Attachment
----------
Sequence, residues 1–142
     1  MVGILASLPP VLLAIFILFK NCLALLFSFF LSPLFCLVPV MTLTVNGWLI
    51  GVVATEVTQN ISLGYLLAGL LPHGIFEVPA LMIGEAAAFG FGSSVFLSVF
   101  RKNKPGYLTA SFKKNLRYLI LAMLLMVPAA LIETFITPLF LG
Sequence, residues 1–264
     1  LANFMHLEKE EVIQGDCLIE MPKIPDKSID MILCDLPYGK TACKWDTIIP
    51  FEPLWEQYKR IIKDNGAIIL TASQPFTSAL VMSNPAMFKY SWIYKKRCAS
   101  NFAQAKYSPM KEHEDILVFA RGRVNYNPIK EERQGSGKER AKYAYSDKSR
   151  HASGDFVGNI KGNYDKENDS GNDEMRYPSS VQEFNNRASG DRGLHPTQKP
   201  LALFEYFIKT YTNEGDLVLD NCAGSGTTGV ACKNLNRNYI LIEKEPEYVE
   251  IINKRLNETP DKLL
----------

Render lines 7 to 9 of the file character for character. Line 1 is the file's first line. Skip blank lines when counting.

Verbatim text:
    51  FEPLWEQYKR IIKDNGAIIL TASQPFTSAL VMSNPAMFKY SWIYKKRCAS
   101  NFAQAKYSPM KEHEDILVFA RGRVNYNPIK EERQGSGKER AKYAYSDKSR
   151  HASGDFVGNI KGNYDKENDS GNDEMRYPSS VQEFNNRASG DRGLHPTQKP